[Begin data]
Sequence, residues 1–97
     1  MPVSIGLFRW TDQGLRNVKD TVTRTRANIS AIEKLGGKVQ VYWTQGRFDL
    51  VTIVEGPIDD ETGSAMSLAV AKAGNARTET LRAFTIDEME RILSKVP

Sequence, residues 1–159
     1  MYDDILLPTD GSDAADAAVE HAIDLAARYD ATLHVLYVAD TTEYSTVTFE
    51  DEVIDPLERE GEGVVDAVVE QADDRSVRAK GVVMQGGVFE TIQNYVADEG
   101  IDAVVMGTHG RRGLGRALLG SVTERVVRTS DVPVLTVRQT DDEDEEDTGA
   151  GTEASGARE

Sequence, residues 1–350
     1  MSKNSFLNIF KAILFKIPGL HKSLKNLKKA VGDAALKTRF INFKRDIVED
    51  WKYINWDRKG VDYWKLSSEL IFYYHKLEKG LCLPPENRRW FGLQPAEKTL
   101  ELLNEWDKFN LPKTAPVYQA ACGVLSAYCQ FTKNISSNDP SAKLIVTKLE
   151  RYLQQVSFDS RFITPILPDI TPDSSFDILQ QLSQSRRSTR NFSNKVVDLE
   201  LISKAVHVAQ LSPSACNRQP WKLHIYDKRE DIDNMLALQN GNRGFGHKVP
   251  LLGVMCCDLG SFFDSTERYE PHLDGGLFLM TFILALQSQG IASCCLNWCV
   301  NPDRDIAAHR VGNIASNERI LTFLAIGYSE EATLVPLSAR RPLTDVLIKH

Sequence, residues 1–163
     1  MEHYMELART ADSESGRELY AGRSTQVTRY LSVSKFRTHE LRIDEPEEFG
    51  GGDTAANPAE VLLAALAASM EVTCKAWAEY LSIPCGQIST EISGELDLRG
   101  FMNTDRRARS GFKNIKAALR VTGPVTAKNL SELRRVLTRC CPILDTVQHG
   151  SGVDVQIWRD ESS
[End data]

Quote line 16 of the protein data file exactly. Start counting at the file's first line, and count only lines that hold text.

   301  NPDRDIAAHR VGNIASNERI LTFLAIGYSE EATLVPLSAR RPLTDVLIKH